Touching A Nerve - The Self as Brain by Patricia S. Churchland

Read the review in the NYT:
http://tinyurl.com/mqs2awg

Carol Dorau

http://tinyurl.com/mqs2awg

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  • Sharon

    Vatsal, thanks for the sophisticated explanation of this view. I've thought about it more since the meeting and grasp its plausibility better, though I'm still fuzzy on even the definition of free will v. choosing, problem-solving, evaluating, and planning capabilities. We covered a bit how neuroscience has seemed to solve some age-old questions of philosophy, but I would have liked to also get into what philosophy can still offer neuroscience, esp. in terms of models that could help understand more about the nature of consciousness.

    1 · June 9

  • Vatsal

    If anyone is interested in doing a short reading on 'free will', I consider reading the following paper which is mostly non-technical. http://www.pnas.org/content/107/10/4499.full

    It covers example like blindsight(which Leo brought up) and fMRI activity in parietal and prefrontal cortex noted up to 10s before the subjects were conscious(which I can't remember who brought up). Other than arguing for the idea of lack of free will, author also talks about its implications on criminal justice system and proposes an alternative to the current(rather ineffective) one.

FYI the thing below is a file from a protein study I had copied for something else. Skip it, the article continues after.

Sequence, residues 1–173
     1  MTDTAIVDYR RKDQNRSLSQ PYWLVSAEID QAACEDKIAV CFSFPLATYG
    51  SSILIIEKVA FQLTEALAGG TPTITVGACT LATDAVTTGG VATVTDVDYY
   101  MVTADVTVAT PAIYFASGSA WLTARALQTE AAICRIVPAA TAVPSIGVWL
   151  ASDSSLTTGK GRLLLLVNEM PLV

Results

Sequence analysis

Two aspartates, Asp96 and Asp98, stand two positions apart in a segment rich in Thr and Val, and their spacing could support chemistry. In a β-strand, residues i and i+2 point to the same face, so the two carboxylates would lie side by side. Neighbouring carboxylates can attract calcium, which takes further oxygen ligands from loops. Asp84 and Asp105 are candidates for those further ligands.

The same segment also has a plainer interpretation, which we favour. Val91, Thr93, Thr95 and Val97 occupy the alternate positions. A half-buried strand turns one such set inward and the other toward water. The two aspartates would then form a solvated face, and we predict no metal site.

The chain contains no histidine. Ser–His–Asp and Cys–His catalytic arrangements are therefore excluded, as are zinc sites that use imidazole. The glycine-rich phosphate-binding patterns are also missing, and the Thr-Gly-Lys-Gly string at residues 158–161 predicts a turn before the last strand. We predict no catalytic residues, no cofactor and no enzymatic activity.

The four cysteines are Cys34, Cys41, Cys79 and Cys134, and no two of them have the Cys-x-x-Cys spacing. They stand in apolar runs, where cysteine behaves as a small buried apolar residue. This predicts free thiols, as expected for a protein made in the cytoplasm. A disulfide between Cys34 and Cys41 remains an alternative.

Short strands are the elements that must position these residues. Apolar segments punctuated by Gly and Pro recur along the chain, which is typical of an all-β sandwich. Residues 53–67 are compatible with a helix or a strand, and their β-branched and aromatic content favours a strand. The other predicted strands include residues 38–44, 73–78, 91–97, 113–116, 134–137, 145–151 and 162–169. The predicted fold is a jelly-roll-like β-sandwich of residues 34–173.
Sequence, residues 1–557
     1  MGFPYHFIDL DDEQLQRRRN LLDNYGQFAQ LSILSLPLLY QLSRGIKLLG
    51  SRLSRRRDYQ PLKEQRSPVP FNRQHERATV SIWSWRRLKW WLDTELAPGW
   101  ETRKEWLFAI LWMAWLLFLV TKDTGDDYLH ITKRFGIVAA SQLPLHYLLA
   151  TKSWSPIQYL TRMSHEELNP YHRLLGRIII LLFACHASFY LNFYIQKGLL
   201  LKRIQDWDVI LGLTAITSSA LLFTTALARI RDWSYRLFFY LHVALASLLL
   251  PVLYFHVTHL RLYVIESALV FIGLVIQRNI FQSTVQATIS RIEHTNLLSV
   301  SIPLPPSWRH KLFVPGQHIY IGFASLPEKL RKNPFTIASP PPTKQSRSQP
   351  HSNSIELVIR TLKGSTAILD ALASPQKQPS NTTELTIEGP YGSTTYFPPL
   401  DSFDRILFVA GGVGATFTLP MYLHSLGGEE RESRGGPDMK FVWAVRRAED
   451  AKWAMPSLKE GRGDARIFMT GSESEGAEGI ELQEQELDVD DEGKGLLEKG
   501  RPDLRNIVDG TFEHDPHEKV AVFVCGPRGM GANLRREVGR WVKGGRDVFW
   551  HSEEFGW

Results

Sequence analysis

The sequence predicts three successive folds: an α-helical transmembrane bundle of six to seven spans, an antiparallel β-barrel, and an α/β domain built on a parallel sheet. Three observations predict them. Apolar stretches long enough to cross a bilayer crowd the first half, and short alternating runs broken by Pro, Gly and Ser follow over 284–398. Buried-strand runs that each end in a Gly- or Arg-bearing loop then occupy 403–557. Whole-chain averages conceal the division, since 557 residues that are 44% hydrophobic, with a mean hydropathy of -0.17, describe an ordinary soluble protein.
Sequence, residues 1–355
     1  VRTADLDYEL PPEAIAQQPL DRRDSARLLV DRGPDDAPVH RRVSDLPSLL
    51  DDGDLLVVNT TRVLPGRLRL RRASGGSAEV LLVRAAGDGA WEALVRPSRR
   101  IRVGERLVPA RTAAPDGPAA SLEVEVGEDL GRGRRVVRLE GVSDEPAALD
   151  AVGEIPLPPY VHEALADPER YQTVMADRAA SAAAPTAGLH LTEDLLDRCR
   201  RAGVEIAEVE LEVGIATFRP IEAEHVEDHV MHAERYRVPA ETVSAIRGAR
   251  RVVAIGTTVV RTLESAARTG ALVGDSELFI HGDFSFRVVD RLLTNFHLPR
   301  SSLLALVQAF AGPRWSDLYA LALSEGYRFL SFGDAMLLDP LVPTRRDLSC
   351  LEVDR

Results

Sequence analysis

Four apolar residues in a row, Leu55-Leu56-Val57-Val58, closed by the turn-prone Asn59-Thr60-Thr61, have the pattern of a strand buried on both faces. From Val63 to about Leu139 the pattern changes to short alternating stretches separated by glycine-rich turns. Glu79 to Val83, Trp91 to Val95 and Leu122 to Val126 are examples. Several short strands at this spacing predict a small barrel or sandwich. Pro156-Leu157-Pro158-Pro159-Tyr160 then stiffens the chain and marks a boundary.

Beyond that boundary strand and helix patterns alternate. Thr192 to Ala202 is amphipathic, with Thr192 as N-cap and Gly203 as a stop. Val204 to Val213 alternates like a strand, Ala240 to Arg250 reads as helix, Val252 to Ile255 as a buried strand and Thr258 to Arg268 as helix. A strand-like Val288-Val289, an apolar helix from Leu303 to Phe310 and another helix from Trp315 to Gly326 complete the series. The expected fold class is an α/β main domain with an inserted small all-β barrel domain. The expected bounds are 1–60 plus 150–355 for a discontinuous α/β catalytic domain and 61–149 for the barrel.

2 · June 7

    • Carol R.

      I think it's question-begging to say "made you do that task," because whether the action is freely chosen or coerced is exactly what's at issue. Saying "made you" conflates the very distinction Leo is going for.

      June 8

    • Leo F.

      The difference is also important in that, in the case of the "unwilling" action, you can call the police and have the other guy arrested, while in the "willing" situation you cannot. In other words, that distinction has practical consequences. Whether all of these actions are ultimately pre-determined by physical laws or subject to metaphysical free will may be an interesting philosophical distinction, but it is irrelevant to our daily lives. We all behave as if we had free will, whether we believe in it or not.

      June 8

  • Dave

    Another really good discussion yesterday. The discussions of the book and the digressions were very interesting and stimulating, which is just what a great conversation should be.

    2 · June 8

    • Eileen T.

      We thought so too. And thanks for the list of books.

      June 8

    • Dave

      Thanks are due to the other David.

      June 8

  • Carol R.

    This was my first time attending, and I thoroughly enjoyed it. Lots of sharp minds, er brains, in the room.

    2 · June 7

  • leonard /.

    GREAT ROUND TABLE DISCUSSION! MANY OPINIONS, REMARKS, GOOD SPARKERS AND GOOD LISTENERS.

    SONNY

    2 · June 7

  • Paula S.

    As always, thank you Leo for bringing the group together and to everyone who attended.

    2 · June 7

  • Michelle M.